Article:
Stocks near bear market in worst week since ’08 financial crisis
U.S. stocks fell to the lowest since April 2017 as the turmoil in Washington rattled financial markets anew, pushing the S&P 500 to the brink of a bear market and marking the worst week for equities since the 2008 financial crisis.
The Dow closed down 653 points Monday, while the S&P 500 fell 2.7%. The index is now down more than 19.8% from its September record and on pace for the worst monthly drop since 2008.
Investors looking to Washington for signs of stability that might bolster confidence instead got further rattled. President Trump blasted the Federal Reserve, blaming the central bank for the three-month equity rout days after Bloomberg reported he inquired about firing Chairman Jerome Powell. His comments came after Steven Mnuchin called a crisis meeting with financial regulators, who reportedly told the Treasury secretary that nothing was out of ordinary in the markets. Traders also assessed the threat to the economy from a government shutdown that looks set to persist into the new year.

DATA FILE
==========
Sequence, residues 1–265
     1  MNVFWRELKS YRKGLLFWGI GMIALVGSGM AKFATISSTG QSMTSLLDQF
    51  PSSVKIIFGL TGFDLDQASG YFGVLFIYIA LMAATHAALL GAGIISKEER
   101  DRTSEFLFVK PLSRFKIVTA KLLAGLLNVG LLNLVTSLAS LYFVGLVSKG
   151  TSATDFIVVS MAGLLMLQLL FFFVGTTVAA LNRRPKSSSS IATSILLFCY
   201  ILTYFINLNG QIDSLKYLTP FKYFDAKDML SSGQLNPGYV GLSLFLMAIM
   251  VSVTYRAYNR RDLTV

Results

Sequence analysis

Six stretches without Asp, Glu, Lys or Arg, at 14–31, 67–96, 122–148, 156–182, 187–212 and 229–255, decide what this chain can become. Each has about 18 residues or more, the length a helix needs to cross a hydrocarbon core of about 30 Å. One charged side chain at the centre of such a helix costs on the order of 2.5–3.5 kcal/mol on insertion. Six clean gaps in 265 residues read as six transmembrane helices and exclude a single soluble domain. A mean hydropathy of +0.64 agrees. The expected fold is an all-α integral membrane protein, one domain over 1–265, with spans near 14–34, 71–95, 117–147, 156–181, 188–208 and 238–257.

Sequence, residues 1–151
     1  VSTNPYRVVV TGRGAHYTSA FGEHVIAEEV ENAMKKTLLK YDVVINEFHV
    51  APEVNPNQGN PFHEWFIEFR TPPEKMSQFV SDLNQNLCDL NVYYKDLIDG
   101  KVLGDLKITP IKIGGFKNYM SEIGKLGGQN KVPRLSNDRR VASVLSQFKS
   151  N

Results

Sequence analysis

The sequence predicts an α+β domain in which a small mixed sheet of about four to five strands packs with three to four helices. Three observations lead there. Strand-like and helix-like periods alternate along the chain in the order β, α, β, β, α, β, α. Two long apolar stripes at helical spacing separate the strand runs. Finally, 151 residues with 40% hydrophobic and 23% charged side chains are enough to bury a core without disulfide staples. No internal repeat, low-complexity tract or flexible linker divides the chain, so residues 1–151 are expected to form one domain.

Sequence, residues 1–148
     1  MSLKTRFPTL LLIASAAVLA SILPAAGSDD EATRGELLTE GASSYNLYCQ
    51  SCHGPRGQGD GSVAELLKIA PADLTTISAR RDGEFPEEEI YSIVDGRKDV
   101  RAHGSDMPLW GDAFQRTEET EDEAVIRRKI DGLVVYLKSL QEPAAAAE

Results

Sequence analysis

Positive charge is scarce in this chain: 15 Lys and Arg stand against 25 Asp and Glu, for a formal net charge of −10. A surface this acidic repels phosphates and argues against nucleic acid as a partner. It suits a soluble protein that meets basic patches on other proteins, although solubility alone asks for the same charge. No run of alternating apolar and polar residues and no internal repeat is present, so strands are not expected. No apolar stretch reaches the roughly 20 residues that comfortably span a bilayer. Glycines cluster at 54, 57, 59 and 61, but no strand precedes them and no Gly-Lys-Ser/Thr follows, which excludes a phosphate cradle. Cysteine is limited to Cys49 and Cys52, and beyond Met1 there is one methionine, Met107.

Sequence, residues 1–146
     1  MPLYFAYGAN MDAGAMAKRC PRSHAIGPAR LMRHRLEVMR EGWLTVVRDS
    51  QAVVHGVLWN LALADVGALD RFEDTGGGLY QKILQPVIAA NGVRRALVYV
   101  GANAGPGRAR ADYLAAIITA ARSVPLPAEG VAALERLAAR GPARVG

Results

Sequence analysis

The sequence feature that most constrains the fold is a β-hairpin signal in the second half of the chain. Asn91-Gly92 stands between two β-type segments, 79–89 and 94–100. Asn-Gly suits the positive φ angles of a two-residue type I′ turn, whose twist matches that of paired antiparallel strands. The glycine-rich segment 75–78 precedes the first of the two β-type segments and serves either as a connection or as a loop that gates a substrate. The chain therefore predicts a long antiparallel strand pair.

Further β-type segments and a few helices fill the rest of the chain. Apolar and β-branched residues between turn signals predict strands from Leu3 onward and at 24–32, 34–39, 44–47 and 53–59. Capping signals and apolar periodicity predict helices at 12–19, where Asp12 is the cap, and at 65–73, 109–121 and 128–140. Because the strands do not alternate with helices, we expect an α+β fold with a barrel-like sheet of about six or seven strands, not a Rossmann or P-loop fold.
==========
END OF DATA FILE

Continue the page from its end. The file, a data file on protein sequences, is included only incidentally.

“I don’t know that you can read too much into the market’s reaction today but it’s signaling they’re not impressed,” said Chris Zaccarelli, chief investment officer at the Independent Advisor Alliance. “If we were up, I’d potentially say the message he was sending was well received, but it seems like now they’re largely ignoring that message.”
Combined with an ongoing trade war, higher borrowing costs and signs of a slowdown in global growth, the political turmoil has raised the specter of a recession.
“The reality is, in Washington, you have this massive amount of unpredictability,” said Chad Morganlander, portfolio manager at Washington Crossing Advisors.